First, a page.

Children's Hospital Colorado
Retinoblastoma Program

Retinoblastoma

Kids aren’t just mini adults. In fact, they’re incredibly different. That’s why they need incredibly different care.

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What is retinoblastoma?

Retinoblastoma is a malignant tumor inside the eye. It grows from the retina, which is a structure important for vision in the back part of the eye, behind the pupil. Retinoblastoma is the most common primary eye tumor in children, with an incidence of 11.8 cases for every million live births in the United States. There are approximately 350 new cases of retinoblastoma every year in the United States. It can affect one or both eyes, and in some cases involving both eyes, patients will also have a tumor in their pineal gland within their brain.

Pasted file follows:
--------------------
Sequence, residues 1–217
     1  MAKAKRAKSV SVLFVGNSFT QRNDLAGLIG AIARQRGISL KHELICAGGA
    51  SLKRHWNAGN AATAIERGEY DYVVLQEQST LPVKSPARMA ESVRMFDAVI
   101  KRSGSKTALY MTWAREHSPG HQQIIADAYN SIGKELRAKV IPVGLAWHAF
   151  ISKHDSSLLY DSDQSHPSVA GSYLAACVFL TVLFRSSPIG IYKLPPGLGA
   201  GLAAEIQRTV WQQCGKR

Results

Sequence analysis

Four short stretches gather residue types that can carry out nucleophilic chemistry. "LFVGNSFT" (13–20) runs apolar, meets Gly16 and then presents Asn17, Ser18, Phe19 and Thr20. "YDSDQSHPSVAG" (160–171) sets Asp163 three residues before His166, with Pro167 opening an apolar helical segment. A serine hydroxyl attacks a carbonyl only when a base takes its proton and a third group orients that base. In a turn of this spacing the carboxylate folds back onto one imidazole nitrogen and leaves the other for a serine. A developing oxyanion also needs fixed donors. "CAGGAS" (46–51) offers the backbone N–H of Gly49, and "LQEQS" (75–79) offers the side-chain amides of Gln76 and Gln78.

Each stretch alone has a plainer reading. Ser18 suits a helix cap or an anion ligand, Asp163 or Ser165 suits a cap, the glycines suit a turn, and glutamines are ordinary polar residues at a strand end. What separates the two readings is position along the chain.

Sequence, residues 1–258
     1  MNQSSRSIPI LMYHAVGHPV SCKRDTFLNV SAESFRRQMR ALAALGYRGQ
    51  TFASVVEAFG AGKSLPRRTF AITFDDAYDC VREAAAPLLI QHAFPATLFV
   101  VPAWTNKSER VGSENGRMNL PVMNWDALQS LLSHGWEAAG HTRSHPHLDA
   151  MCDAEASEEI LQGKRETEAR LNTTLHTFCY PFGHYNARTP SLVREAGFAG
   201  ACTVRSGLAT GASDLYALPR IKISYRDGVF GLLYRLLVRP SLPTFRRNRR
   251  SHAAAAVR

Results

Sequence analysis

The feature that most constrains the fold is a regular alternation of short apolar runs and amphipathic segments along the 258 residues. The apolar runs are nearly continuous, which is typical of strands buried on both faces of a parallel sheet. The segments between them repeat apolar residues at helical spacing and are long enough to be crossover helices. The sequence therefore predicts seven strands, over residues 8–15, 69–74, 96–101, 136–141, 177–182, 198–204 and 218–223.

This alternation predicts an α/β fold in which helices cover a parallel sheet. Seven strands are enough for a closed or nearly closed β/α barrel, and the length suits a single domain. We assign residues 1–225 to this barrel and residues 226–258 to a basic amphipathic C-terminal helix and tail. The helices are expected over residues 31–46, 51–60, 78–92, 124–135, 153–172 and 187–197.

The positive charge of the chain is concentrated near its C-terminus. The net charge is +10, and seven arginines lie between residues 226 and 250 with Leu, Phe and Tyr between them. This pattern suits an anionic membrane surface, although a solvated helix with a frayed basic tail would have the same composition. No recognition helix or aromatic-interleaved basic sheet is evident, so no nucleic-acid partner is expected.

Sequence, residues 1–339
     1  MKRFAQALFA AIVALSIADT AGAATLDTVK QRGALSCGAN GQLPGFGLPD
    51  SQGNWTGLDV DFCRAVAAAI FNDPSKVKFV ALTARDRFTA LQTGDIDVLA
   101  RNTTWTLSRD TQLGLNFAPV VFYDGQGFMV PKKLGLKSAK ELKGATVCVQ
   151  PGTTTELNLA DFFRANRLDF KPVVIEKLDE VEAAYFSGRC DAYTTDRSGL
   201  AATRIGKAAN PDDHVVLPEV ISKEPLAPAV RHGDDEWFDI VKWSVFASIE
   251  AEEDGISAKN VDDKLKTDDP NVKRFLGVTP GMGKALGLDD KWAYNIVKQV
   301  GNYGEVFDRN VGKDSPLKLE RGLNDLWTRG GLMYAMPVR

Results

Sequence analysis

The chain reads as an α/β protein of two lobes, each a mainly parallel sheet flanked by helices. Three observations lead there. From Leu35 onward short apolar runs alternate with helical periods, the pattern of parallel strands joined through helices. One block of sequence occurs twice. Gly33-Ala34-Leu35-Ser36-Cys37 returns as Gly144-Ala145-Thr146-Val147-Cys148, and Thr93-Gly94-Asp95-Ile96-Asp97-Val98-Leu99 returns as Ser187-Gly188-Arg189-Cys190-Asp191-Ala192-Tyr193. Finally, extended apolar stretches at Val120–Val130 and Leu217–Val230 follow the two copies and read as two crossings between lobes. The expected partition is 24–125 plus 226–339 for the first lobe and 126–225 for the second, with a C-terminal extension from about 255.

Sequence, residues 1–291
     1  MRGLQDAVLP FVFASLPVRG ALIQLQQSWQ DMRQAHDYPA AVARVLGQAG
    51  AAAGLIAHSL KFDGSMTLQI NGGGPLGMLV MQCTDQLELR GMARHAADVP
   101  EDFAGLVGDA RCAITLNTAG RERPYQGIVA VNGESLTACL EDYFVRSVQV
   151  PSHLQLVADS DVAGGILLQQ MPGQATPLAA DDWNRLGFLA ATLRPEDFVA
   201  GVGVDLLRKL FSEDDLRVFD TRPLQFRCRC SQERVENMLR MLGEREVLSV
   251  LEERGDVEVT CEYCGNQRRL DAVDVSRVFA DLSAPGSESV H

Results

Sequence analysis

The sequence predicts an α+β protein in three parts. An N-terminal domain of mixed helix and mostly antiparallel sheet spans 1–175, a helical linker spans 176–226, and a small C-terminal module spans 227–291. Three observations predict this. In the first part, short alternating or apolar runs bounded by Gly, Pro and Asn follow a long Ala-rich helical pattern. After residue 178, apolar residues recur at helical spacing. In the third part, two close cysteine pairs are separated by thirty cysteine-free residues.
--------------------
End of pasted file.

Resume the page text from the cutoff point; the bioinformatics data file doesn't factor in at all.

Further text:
What causes retinoblastoma?

Retinoblastoma is an eye cancer caused by a mutation in a gene important for regulating cell growth. Sometimes this mutated gene is inherited, which means it is passed down from parents to their children. The disease can run in families, so anyone whose parent has a history of retinoblastoma should be evaluated by an ophthalmologist at an early age. Patients who survive retinoblastoma of both eyes are also at risk for developing additional cancers such as osteosarcoma (bone cancer) and melanoma as they get older.

Who gets retinoblastoma?

The vast majority of patients are diagnosed before 5 years of age. When one eye is involved, the average age at diagnosis is 2-and-a-half years. When both eyes are involved, the average age at diagnosis is 1 year. Males and females are equally affected, and there is no clear association with any racial or ethnic groups.

Next steps

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Get to know our pediatric experts.

Robert Enzenauer, MD, MPH/MSPH

Robert Enzenauer, MD, MPH/MSPH

Ophthalmology, Pediatrics

Rebecca Braverman, MD

Rebecca Braverman, MD

Ophthalmology

Emily McCourt, MD

Emily McCourt, MD

Ophthalmology

Jasleen Singh, MD

Jasleen Singh, MD

Ophthalmology